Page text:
• Juliana Barr (History, Duke University) La Dama Azul: A Native Story of Colonialism (Duke Endowment Fellowship)
  • Andrea Brady (English Language and Literature, Queen Mary University of London) Poetry and Bondage: A New History of Lyric (Trustees’ Fellowship)
  • Lisa Earl Castillo (African Diaspora Studies, Independent Scholar) Between Memory, Myth and History: Atlantic Voyages in the Rise of an Afro-Brazilian Temple (Bahia, Brazil, 1810–1910) (Fellows’ Fellowship)
  • James Chappel (History, Duke University) Old Volk: The Invention of Old Age in a Global Germany (Delta Delta Delta Fellowship)
  • Lanlan Du (Feminist‚ Gender‚ and Sexuality Studies, Shanghai Jiao Tong University) Affective Dimensions of Precarity in Contemporary Chinese and English Fiction (Luce East Asia Fellowship)
  • Bart Ehrman (Religion, University of North Carolina at Chapel Hill) The Invention of Heaven and Hell (Henry Luce Fellowship)
  • Simonetta Falasca-Zamponi (History, University of California, Santa Barbara) An Ambiguous Past: Fascism, the Resistance and “Structures of Feeling” in Italy (1943–1945) (Archie K. Davis Fellowship)
  • Mia Fuller (Anthropology, University of California, Berkeley) Mussolini Threshing Still: Inertia Memoriae, Italy, and Fascist Monuments (NEH Fellowship; Rockefeller Foundation Fellowship)
  • Paul Fyfe (English Language and Literature, North Carolina State University) The Age of Transmission: From Victorian Media Cultures to the Digital Humanities (ACLS Burkhardt Fellowship)
  • Rebecca Anne Goetz (History, New York University) Captive Archipelagos: Native Enslavement in the Greater Caribbean, 1492–1792 (NEH Fellowship; Rockefeller Foundation Fellowship)
  • Trudier Harris (American Literature, University of Alabama) Ungraspable?: Depictions of Home in African American Literature (John Hope Franklin Fellowship)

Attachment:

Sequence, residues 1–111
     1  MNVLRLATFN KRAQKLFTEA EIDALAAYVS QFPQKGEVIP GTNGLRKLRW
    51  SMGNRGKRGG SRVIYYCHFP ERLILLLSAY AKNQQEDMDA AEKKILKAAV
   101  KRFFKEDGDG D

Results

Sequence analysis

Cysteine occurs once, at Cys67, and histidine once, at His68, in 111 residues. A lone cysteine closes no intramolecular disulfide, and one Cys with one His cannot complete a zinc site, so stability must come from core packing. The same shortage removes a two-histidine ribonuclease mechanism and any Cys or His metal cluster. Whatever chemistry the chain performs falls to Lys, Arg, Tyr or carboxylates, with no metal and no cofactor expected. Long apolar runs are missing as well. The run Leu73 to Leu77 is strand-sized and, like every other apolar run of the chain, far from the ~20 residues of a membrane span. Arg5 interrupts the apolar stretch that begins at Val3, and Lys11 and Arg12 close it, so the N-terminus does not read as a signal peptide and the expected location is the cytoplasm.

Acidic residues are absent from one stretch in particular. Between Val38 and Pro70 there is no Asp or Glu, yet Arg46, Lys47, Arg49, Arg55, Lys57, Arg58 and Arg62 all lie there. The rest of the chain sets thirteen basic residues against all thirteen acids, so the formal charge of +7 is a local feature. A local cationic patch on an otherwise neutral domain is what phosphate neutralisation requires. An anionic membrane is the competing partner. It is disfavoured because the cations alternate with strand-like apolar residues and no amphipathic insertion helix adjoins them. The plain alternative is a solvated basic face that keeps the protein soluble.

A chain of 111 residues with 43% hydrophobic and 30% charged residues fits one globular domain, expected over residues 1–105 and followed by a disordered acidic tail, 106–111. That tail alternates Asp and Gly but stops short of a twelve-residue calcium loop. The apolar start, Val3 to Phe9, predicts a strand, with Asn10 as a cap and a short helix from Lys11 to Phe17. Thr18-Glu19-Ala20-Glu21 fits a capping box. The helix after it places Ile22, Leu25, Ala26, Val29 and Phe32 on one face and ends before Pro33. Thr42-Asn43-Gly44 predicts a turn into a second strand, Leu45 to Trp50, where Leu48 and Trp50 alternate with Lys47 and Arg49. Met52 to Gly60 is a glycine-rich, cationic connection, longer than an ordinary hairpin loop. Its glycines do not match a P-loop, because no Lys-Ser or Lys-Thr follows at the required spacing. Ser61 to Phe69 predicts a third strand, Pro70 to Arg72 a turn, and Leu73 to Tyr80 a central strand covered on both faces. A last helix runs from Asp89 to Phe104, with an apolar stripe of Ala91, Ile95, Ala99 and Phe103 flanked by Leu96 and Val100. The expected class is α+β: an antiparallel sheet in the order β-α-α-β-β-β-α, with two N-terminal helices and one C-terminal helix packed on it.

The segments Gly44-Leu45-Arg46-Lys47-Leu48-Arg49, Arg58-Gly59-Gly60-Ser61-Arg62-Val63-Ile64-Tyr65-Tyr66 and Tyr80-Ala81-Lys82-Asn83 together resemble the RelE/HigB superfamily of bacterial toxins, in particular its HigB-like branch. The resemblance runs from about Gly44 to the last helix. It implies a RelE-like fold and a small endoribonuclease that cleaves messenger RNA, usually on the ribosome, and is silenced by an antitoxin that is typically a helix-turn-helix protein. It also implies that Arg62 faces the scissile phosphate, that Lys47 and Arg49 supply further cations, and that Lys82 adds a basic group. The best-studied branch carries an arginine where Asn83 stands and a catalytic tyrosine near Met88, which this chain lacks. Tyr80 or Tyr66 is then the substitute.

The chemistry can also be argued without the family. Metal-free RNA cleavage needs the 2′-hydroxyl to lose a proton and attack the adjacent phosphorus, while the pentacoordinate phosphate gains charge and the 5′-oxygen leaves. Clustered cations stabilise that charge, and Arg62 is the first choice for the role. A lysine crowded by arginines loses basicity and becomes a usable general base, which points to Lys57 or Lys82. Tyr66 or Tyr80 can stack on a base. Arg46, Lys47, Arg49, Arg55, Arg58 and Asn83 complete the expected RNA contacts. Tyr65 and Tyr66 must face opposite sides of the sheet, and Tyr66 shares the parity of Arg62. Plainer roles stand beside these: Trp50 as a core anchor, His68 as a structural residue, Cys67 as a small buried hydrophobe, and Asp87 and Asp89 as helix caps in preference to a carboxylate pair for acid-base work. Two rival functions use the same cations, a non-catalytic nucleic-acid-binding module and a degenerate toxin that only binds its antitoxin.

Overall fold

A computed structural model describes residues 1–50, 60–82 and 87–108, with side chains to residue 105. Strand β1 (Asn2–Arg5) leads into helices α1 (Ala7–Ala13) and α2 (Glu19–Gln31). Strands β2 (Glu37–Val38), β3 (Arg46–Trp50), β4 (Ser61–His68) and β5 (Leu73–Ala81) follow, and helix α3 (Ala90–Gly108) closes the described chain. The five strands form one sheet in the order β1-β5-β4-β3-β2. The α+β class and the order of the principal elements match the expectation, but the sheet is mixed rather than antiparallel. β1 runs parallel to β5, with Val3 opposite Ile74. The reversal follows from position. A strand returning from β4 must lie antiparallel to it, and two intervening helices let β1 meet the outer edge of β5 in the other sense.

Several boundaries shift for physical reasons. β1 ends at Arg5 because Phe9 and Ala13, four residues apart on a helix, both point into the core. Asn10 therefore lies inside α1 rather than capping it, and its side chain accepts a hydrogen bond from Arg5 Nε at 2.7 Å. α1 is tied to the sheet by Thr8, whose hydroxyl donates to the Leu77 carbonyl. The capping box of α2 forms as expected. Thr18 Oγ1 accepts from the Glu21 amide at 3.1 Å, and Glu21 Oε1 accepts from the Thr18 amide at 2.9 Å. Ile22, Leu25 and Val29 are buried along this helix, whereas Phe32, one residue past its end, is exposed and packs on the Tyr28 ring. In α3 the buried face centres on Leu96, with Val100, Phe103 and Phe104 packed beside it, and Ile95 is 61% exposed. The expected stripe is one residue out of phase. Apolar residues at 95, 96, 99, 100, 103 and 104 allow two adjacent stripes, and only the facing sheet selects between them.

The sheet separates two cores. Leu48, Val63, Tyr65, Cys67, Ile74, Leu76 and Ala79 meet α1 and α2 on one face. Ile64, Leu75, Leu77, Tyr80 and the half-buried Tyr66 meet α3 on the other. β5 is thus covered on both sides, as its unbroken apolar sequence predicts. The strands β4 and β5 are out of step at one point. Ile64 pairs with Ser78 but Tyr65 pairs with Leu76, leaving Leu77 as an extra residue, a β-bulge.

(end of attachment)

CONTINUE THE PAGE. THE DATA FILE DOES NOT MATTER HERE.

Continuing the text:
• Frances S. Hasso (History, Duke University) Palestinian Perinatal and Young Child Death during the British Mandate (Delta Delta Delta Fellowship)
  • Mar Hicks (History, Illinois Institute of Technology) Queer Users and the Digital State: A Prehistory of Algorithmic Bias (Founders’ Fellowship)
  • Meta DuEwa Jones (English Language and Literature, University of North Carolina at Chapel Hill) Black Visionary Alchemy: How Poets & Artists Map Diaspora Memory (John E. Sawyer Fellowship)
  • Tait Keller (History, Rhodes College) A Global Environmental History of the First World War (ACLS Burkhardt Fellowship)
  • Claudia Leal (History, Universidad de los Andes, Colombia) National Parks in Colombia: A History of Territorial State Building, 1940–2010 (Donnelley Family Fellowship)
  • Huaqiang Li (History of Art and Architecture, Fudan University) Design, Ideology, and Communication: A Visual Culture Study on Chinese Left-wing Literary Publications (1928–1937) (Luce East Asia Fellowship)
  • Anton M. Matytsin (History, Kenyon College) A History of History: The Académie des inscriptions and the Remaking of the Past (John G. Medlin, Jr. Fellowship)